The pandemic forced the industry to adapt quickly to meet soaring demand.
While grocery e-commerce was growing prior to the pandemic, the sector saw staggering market penetration over the course of 2020 and beyond. Concerned about safely accessing food, consumers across all demographics turned to online grocery shopping as a convenient, safe option.
A survey by LEK indicated that food e-commerce made up 3%-4% of total grocery retail sales before the pandemic and that overall penetration would reach 15%-20% by 2025. But in its February 2021 Online Grocery Report, Business Insider projected online grocery adoption will reach 55% in the U.S. by the end of 2024. Consumers have clearly grown accustomed to the convenience and safety of grocery e-commerce.
While some national grocers filled online orders via strategically placed warehouses close to urban centers, local stores also managed to keep up with same-day delivery demands. This has forced grocers to rethink opportunities to reduce labor costs and the strain on local stores by using gig-economy delivery platforms such as Instacart. Additionally, new models of automation built around goods-to-person systems that support food distribution allow stores to devote more space to stock while effectively transforming them into omnichannel facilities that can manage in-store and e-commerce distribution from the same building.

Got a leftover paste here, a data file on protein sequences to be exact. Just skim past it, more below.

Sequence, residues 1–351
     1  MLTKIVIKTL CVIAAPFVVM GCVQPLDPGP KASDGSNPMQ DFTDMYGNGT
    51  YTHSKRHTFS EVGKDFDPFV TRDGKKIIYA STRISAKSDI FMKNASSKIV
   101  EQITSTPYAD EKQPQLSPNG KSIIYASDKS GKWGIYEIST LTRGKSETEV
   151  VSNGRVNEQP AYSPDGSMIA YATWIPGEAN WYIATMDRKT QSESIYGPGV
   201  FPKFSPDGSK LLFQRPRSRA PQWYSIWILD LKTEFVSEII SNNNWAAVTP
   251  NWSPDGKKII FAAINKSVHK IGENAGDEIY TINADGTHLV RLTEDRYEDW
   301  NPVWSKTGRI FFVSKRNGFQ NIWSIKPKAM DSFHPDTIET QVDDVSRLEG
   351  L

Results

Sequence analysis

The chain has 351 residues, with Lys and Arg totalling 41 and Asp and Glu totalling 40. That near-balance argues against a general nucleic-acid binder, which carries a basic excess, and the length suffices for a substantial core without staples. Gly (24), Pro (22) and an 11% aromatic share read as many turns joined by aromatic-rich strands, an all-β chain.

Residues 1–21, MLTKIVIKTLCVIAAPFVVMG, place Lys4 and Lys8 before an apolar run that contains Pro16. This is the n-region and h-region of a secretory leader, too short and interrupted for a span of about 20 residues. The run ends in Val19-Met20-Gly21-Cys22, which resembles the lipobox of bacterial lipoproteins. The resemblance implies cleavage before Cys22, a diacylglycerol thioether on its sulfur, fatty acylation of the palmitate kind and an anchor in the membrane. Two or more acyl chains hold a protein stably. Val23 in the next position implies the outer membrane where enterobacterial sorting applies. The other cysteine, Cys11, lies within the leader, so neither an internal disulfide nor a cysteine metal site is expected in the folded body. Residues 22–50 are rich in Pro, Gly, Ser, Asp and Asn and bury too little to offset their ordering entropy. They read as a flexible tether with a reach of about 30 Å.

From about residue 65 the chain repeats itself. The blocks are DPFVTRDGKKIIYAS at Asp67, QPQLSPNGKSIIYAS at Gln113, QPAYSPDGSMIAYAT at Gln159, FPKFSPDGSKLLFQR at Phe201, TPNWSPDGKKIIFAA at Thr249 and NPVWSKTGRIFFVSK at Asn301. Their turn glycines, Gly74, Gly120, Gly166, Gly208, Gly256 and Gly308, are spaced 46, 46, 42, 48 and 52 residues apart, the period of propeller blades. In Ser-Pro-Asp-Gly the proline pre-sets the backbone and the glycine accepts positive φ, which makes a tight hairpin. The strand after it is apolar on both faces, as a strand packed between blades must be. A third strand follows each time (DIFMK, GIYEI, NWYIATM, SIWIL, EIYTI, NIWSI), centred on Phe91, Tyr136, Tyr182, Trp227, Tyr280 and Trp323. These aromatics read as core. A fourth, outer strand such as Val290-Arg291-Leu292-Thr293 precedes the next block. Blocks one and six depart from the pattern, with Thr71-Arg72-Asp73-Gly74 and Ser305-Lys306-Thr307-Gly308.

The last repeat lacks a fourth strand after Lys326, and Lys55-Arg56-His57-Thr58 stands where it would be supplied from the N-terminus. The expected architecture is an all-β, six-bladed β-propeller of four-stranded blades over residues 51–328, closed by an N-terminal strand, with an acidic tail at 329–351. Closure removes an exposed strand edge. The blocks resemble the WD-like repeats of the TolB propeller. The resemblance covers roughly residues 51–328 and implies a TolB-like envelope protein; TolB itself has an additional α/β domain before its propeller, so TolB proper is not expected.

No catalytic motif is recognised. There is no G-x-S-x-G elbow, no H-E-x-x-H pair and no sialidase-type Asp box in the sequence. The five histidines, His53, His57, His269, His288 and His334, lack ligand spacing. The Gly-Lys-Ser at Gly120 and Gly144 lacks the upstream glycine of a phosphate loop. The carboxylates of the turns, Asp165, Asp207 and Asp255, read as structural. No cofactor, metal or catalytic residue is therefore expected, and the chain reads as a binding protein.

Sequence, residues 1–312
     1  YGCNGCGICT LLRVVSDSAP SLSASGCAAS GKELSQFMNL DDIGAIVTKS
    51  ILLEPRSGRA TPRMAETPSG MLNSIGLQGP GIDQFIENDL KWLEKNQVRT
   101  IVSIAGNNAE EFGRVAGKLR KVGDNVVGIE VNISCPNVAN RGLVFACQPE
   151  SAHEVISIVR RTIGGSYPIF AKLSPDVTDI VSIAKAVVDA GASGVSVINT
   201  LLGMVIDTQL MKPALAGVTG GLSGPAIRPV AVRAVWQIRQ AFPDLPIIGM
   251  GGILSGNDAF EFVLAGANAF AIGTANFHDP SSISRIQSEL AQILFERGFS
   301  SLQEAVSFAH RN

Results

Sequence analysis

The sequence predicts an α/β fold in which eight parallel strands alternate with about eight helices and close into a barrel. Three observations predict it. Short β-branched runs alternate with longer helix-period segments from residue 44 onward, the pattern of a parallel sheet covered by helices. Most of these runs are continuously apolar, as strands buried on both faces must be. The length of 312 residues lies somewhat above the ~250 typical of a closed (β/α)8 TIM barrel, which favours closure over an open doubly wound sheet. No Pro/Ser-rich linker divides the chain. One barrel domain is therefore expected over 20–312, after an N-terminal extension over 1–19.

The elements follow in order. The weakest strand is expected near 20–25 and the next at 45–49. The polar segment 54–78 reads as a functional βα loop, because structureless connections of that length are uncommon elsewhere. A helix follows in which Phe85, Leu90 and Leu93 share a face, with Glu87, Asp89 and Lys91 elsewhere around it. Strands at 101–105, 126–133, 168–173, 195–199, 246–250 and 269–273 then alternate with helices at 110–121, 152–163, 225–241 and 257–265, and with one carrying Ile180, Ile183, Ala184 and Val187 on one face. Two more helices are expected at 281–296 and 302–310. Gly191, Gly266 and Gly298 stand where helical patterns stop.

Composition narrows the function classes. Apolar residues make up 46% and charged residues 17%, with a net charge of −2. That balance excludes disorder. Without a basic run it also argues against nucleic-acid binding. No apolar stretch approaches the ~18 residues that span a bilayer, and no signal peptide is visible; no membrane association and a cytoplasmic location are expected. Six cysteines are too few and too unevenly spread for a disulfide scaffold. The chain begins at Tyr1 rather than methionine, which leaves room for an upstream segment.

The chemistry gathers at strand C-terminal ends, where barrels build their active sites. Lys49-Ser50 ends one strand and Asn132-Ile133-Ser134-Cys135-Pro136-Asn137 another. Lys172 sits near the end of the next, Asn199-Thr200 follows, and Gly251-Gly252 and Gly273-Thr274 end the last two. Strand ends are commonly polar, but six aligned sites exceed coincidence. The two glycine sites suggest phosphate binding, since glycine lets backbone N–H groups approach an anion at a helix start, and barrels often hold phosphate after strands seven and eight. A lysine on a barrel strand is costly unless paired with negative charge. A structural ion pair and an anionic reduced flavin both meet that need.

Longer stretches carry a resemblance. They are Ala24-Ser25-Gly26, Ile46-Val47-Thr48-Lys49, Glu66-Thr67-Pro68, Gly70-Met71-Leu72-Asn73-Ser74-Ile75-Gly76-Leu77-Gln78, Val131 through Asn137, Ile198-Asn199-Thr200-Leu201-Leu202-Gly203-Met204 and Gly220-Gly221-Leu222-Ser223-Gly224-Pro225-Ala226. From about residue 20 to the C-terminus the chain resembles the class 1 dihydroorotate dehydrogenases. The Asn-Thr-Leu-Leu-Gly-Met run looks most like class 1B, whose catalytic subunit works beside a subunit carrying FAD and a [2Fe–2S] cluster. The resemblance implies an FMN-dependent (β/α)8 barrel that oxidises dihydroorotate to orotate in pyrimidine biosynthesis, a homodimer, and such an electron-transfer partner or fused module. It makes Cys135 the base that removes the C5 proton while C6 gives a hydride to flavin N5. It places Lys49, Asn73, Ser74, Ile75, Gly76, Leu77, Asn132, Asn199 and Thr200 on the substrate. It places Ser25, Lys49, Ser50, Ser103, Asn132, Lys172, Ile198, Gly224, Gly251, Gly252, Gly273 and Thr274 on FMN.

Couple these changes with increasing consumer demand for local and fresh foods, and the potential to create a truly equitable and sustainable model has never been greater. This transformative model will feature several components — multimodal delivery hubs within an existing network of stores, strategic use of automation through microfulfillment, and expanded vertical farming operations.
When early adopters of the food delivery model such as Peapod first started, the mode of delivery was traditional box trucks. The emergence of Amazon’s Sprinter vans for last-mile deliveries has now expanded the speed, reach and nimbleness of delivery across many e-commerce platforms. And, with unemployment reaching 15% at the height of the pandemic, companies such as Amazon and Instacart provided job opportunities to delivery drivers.
A study by visiting MIT Sloan Professor Jordan Nickerson indicates that gig economy platforms, while not perfect, served as a safety net during the pandemic. For example, one data point shows that unemployment claims are nearly 5% lower for people with cars, because it is easier for them to find work as delivery drivers.